- Paola Frassinetti
Only daughter of John and Angela Frassinetti, she was raised in a pious family; all four of her brothers became priests. Paula’s mother died when the girl was nine years old. In need of a substitute mother, Paula turned to Our Lady.
One of Paula’s aunts moved in to help with the family, but she died three years later, and at age twelve, Paula took over as homemaker. Because of the endless chores at home, Paula was not able to attend school. However, each night her brothers would pass along what they had learned that day, her father filled in the gaps, and Paula actually had a good education. She attended Mass daily, and prayed her way though all of her work.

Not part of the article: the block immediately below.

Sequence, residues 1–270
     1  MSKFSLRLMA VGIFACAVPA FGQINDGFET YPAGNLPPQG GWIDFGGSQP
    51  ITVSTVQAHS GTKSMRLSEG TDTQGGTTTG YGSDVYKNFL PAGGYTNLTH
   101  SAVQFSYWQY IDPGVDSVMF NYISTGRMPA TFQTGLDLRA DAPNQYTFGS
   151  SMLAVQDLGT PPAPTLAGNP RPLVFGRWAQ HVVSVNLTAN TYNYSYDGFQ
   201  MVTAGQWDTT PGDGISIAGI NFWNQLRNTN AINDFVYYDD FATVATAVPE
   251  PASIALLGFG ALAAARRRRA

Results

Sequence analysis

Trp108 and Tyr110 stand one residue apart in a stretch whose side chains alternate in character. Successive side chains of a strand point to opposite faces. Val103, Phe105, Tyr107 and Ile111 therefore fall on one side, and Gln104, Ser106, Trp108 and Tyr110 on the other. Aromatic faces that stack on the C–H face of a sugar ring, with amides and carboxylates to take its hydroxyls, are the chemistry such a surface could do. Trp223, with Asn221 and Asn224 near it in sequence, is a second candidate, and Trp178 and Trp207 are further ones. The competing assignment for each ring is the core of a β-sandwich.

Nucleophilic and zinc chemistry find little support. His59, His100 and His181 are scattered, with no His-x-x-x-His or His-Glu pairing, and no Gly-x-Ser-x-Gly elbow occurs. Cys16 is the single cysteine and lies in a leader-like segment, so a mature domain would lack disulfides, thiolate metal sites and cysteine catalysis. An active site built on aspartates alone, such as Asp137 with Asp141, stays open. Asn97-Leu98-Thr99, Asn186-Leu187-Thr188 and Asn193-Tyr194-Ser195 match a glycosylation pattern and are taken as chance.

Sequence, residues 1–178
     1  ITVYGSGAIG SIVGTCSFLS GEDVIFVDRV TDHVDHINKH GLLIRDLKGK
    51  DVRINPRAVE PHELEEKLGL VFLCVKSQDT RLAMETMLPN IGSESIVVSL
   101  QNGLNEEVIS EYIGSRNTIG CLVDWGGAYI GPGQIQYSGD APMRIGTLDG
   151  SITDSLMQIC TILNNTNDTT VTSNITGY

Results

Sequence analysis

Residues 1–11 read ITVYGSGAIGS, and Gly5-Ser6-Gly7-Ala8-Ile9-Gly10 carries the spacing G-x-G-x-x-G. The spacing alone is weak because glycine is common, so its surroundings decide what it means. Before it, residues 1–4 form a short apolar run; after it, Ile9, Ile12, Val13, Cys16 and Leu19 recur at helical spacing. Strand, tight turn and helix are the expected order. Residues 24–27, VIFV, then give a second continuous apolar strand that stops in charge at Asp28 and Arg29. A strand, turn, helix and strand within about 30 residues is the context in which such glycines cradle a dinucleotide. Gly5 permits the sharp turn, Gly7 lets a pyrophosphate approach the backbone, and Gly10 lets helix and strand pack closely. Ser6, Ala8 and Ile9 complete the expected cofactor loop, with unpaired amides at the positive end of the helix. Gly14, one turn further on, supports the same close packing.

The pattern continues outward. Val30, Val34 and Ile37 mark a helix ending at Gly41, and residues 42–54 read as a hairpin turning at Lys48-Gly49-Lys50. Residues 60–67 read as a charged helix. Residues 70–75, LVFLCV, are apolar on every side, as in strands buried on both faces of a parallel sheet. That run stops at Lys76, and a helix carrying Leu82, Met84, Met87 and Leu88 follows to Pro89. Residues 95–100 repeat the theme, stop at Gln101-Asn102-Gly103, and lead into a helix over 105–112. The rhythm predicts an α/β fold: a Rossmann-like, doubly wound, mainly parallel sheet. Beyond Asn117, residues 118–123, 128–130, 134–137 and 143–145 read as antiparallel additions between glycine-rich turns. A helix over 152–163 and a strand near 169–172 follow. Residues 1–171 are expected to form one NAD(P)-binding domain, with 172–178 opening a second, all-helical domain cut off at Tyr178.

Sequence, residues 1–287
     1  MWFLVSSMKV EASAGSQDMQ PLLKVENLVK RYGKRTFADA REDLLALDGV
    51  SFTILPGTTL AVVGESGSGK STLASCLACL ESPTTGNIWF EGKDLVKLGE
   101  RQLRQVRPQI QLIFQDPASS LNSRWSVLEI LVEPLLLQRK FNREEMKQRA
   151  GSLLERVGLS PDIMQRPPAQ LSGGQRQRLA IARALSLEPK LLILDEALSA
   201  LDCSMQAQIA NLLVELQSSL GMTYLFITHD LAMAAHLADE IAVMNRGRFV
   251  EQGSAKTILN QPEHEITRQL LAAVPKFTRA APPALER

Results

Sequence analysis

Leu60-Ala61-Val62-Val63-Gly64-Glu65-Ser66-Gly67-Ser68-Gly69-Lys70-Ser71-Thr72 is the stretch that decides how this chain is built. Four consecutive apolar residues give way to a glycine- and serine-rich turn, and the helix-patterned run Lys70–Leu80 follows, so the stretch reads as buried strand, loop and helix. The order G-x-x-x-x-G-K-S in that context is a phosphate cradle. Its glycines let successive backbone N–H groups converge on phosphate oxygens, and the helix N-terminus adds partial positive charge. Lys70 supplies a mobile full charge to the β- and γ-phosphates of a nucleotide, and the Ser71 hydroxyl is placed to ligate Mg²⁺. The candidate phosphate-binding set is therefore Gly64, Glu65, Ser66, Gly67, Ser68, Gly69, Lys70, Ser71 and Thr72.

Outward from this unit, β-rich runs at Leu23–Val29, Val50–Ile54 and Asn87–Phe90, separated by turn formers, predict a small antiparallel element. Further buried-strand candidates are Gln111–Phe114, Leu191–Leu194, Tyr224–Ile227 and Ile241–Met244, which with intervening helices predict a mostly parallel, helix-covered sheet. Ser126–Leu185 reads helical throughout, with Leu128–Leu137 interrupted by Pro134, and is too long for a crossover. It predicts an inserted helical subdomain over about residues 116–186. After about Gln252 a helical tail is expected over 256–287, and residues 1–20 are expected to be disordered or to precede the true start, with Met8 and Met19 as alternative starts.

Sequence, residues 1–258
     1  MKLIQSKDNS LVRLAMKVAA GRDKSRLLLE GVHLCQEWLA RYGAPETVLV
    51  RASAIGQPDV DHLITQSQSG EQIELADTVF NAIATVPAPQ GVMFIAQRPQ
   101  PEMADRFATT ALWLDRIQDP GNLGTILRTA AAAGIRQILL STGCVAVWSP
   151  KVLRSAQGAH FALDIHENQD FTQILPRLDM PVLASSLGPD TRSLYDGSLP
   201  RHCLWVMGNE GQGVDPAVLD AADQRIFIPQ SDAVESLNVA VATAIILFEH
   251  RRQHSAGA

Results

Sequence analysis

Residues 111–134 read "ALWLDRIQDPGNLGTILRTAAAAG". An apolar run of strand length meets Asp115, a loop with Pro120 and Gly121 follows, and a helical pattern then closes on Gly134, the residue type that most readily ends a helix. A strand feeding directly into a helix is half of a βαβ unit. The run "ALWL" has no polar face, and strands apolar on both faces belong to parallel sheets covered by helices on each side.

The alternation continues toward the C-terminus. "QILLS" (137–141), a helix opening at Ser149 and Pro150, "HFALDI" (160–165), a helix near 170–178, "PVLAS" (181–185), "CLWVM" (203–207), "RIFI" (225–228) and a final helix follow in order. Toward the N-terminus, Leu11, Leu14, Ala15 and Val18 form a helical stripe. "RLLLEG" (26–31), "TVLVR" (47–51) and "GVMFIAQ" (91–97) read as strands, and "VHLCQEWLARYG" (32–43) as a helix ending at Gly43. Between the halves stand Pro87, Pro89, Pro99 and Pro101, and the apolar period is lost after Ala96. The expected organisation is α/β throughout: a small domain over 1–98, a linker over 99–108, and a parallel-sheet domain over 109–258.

At age 20 she developed respiratory problems, and moved in with one of brothers, a village priest in Quinto, Italy. When she recovered, Paula, with her brother’s help, opened a parochial school for poor girls in the area. In 1834, with a group of like-minded young women, she founded the Sisters of Saint Dorothy (Frassinetti Sisters), a congregation dedicated to educating poor children. They soon opened foundations in Italy, Portugal, and Brazil, and were noted for their work with the sick in the cholera epidemic that ravaged northern Italy in 1835. The Sisters received papal approval in 1863.
- 11 June 1882 of pneumonia following a series of strokes
- entombed at Saint Onofria, the Dorothean motherhouse in Rome, Italy
- body found incorrupt in 1906